Bulb Archived: Durkin 2018-2019: Birmingham and Qureshi (2018-2019 A/R Partners)

1. How did you and your teaching partner decide to do this project? (Please describe the context of your project, this can include influence from previous projects, context of your school, community, etc.):

Deborah and I wanted to continue our investigation of how to use art to visualize the abstract i.e. different forms and types of energy. Energy is a concept that runs through many areas of science but because it is abstract it’s sometimes difficult for students to grasp. We wanted to use copper tape to explore electronic circuits with this 4th grade class because we felt the materials would lend themselves to more exploration. In the past we used conductive thread to create electronic circuits, which is a little more expensive than copper tape and challenging for some younger students to work with. 

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creating a simple circuit with alligator clips 

2. Big Idea: Visualizing Energy

3. Inquiry:  How can combining the elements of art, scientific research, and basic electronics help students imagine what various forms of energy look like?

4. Grade Level: 4th

5. Academic Subject(s): Science and engineering

6. Artistic Discipline(s):  Drawing and design

7. How many years have you worked together as partners?:  4 years

8. Please describe what you did and what you made for this project: 

The project started with students working at various stations that allowed them to explore a different aspects of energy (from sound to emotional energy) either through attempting to visualize the abstract through color, line and shape, or attempting to create a circuit that lights up one or several LEDs.

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students kept notes at each station recording their observations 
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student drawing showing emotional energy
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students use copper tape to explore 
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 Oscar, a student in the class, was generally not very engaged in the project and had difficulty focusing. So it was particularly interesting to see his drawing. He wrote “this (is) me connecting the lights to the battery I am feeling happy”

It was very important to us that the students take an active learning approach with the materials. We provided initial prompts but then allowed for students to make discoveries (and mistakes) for themselves. Familiar materials such as brightly colored markers, colorful paper was placed alongside more unfamiliar materials such as copper tape, LEDs, coin cell battery, alligator clips and battery holder. The familiar materials provided at entry point for many of the students while giving them confidence to explore the new materials.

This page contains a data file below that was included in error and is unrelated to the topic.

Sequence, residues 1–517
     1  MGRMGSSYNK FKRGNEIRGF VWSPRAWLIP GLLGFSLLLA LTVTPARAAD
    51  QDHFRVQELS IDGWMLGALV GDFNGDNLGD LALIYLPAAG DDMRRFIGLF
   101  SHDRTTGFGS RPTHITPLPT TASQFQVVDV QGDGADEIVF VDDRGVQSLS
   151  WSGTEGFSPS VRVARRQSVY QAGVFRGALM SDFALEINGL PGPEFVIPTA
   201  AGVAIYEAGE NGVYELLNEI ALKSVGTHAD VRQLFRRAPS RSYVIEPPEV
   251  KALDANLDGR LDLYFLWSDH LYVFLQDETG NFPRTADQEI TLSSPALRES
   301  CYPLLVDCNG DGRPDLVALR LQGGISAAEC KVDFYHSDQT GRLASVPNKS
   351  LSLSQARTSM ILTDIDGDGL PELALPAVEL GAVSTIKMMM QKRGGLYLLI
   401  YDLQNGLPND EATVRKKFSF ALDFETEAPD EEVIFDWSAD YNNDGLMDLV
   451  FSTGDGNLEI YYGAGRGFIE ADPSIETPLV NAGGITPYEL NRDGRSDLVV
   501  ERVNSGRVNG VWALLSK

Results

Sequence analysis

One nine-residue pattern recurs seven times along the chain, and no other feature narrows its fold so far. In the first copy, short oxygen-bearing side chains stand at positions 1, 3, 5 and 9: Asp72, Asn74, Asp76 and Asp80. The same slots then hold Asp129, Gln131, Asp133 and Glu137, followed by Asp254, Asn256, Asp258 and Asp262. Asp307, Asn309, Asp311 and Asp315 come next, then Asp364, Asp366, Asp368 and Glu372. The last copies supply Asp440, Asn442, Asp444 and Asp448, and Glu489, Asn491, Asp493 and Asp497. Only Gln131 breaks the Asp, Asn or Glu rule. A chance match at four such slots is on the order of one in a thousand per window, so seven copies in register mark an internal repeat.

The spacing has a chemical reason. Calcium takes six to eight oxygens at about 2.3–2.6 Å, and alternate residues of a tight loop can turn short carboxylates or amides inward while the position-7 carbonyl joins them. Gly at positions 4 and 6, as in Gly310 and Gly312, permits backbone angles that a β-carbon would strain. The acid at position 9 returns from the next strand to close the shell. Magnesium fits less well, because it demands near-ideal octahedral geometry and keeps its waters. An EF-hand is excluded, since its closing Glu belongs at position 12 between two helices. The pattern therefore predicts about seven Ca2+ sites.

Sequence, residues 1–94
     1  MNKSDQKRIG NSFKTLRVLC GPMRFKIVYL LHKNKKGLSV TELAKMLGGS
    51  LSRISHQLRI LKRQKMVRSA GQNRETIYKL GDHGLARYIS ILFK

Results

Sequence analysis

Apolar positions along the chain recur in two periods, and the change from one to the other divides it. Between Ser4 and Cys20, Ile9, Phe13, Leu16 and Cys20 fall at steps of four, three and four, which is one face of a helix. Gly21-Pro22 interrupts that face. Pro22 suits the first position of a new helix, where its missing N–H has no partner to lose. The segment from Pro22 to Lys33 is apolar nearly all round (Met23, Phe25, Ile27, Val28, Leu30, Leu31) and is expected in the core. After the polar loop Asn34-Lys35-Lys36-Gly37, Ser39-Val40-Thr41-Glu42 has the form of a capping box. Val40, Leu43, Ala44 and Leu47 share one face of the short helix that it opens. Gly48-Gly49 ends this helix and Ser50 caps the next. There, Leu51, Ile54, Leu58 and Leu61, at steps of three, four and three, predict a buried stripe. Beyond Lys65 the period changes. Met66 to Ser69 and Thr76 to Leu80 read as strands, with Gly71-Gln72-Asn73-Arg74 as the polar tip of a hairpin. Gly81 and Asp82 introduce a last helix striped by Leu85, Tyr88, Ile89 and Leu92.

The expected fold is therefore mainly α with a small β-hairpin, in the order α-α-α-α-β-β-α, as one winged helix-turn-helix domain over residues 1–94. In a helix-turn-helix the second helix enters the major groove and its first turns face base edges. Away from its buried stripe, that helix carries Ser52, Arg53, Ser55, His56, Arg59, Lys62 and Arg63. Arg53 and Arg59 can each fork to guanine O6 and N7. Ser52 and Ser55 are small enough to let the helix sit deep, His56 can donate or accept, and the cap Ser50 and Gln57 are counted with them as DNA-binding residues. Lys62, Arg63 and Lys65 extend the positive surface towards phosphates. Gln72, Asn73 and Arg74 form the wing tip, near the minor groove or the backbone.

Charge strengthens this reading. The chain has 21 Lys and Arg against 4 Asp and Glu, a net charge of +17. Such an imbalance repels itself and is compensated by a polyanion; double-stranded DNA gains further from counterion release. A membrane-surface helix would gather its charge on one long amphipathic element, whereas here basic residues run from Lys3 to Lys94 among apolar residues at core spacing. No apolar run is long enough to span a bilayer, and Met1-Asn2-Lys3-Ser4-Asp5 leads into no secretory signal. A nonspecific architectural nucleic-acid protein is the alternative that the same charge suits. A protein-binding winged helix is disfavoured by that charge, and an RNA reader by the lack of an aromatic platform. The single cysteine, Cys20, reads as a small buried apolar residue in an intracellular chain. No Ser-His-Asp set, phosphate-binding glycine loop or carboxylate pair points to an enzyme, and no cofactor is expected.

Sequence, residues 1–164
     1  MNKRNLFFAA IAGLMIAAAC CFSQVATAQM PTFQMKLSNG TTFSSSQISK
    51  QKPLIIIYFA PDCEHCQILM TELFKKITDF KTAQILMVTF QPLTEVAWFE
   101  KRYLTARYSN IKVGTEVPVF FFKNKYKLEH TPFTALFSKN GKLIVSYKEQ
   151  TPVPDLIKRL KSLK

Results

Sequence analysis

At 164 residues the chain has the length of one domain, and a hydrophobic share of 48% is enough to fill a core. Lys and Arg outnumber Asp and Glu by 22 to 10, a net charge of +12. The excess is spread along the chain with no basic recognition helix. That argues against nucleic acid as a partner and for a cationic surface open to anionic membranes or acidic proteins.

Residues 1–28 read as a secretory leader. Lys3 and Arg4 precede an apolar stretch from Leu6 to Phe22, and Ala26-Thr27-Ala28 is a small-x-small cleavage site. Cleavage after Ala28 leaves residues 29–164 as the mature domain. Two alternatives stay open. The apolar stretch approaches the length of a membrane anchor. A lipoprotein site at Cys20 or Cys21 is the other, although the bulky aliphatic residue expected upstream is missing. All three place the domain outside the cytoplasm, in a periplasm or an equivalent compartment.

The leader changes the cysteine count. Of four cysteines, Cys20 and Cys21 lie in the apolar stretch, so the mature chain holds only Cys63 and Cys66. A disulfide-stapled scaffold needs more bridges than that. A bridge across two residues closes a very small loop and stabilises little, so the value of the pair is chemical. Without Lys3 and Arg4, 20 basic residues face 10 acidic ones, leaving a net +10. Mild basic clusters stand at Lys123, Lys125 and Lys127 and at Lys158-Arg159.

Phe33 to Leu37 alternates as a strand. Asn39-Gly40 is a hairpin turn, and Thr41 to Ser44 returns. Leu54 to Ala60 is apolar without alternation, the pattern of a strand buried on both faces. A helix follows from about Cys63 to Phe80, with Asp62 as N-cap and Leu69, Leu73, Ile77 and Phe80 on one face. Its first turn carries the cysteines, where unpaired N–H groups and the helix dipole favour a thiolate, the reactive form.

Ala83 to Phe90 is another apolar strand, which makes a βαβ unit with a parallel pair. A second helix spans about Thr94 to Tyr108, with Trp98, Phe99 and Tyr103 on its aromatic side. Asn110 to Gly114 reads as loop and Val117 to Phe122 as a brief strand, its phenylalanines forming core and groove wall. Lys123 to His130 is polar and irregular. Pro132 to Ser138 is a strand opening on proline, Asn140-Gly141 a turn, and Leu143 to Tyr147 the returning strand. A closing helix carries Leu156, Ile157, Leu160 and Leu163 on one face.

Students examined the way electricity works in everyday objects. They depicted their understanding of how different forms of energy move and transfer through everyday electrical appliances such as a toaster. 

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Students used the elements of art to visualize/imagine what different forms of energy could look like
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An example of a prompt at one of the stations 

9. How did you share your student’s learning process with your school faculty or community?

We organized a culminating event which was student led. I think we had around 10 or so family members that participated in the event. The adults rotated at 4 different stations and were learning from the 4th graders. Some of the topics covered by the 4th graders were how to create a simple circuit, what are conductors and insulators and how does magnetic energy work. 

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Avelinda’s grandma received one-to-one training in creating electric circuit.
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Meridian’s dad  exploring circuits
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Natalia excited to have her sister attempt to create an electronic  circuit
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Feedback from adults who attended the culminating event
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Parent comment

Teaching Artist Assessment:

How did you assess student arts learning?: (ex. Was it formative or summative? Was it a written, verbal or performative based assessment? Were students provided with teacher or peer feedback? Did you use a rubric or portfolio system? Etc.) 

We used several different forms of written and verbal assessments. We created an “I wonder” poster that was visible in the classroom. Students added to the poster with questions about ideas/concepts that they were curious about. Students also kept individual journals as well as a group journal. The journals included questions about how our unit was going or what they had enjoyed learning about  that day. Our collaboration ended with a culminating event which was student led. The preparation for the event allowed students to verbalize their learning and allowed Deborah and I to see how much the students had learned.